If you've ever lived in South Florida during hurricane season, chances are you've learned to read the various storm projection models like a
Well, the latest model runs are out this morning and they don't leave much room for interpretation: Hurricane Irma is going to make a direct landfall in South Florida. Almost every model is now in agreement on that, with the only question being exactly where the
Little has changed in NOAA's 8 a.m. advisory, although the weather agency has downgraded the huge storm to a Category 4 as its maximum winds dip to 165 miles per hour. Don't take much comfort in that — practically speaking, there's not much difference between 185 and 165 mph winds, and NOAA expects the storm to wobble between a 4 and 5 before hitting Florida.
The latest tracking models all agree Irma will turn sharply north on Saturday morning. Depending exactly where that turn happens — the storm will then barrel right into Florida.
"On the forecast track, the eye of Irma should move near the north coast of Cuba and the central Bahamas today and Saturday, and be near the Florida Keys and the southern Florida Peninsula Sunday morning," NOAA writes.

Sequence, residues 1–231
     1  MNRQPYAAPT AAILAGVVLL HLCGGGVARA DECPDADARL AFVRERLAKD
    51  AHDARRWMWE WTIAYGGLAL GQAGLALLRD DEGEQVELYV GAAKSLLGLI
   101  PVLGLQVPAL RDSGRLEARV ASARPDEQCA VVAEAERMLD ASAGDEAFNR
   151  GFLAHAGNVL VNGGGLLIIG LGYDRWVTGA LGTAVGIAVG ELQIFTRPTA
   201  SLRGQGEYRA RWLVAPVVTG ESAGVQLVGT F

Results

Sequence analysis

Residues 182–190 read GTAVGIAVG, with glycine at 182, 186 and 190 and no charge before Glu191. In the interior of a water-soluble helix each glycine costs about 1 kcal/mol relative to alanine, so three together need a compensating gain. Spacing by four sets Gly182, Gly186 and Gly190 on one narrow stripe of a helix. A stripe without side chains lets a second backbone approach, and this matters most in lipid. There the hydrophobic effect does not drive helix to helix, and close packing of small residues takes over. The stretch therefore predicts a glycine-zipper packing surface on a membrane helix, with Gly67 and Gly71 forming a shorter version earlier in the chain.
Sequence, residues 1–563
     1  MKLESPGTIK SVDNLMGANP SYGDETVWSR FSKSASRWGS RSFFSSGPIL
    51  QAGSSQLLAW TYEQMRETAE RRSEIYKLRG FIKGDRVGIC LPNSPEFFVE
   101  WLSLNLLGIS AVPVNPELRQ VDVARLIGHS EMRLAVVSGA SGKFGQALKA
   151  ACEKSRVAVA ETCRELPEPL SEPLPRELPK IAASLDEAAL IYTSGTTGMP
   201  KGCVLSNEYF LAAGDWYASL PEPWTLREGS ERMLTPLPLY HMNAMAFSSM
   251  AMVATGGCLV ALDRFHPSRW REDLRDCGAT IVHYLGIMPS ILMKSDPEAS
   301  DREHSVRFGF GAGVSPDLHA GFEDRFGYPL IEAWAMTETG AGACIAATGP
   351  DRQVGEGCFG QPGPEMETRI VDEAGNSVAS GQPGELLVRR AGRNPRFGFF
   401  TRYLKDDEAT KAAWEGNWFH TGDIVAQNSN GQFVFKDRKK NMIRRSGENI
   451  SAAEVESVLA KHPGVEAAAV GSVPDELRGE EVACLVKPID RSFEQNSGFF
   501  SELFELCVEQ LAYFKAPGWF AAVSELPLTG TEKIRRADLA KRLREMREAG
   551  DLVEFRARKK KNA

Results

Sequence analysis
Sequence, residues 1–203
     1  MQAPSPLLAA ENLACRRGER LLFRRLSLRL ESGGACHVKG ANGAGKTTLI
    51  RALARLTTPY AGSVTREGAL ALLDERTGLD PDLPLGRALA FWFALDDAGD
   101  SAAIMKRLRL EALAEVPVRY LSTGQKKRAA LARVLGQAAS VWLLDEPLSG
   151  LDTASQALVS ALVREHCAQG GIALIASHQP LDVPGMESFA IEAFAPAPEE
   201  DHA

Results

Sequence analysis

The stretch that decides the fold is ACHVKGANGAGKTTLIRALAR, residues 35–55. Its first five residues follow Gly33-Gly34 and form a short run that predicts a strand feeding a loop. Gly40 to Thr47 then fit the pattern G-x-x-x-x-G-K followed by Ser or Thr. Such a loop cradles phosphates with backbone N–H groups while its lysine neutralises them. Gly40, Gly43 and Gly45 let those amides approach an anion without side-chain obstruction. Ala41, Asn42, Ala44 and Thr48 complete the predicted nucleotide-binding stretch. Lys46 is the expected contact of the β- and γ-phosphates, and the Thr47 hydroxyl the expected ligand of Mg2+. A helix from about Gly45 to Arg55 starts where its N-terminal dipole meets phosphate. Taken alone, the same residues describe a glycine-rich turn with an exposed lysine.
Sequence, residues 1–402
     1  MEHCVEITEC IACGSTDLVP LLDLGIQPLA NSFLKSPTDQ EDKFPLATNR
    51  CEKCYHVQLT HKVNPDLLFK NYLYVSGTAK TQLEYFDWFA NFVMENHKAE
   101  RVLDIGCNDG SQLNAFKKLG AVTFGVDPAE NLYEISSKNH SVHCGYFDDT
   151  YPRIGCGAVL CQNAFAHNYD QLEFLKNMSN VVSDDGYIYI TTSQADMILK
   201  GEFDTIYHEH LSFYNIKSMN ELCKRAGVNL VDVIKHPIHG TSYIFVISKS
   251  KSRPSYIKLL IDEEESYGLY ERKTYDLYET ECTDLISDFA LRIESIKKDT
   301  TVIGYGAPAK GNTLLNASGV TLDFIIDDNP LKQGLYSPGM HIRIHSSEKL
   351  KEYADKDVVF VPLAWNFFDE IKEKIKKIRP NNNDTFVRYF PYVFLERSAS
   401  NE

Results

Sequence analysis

The agency's official warning cone now includes the entire state of Florida, barring a tiny piece of the western panhandle. Irma is poised to hit the Sunshine State like no other storm in history:
Here's another glimpse of the various models NOAA uses to make that forecast. While there's still variation between whether the eye of the storm hits the Gulf Coast or the Atlantic Coast, Irma looks like a dead-sure bet to roll right into the southern tip of Florida:
What that means, of course, is that right now everyone south of Orlando needs to brace for a major impact. And Orlando and the northern half of Florida is probably next in line for a major impact.
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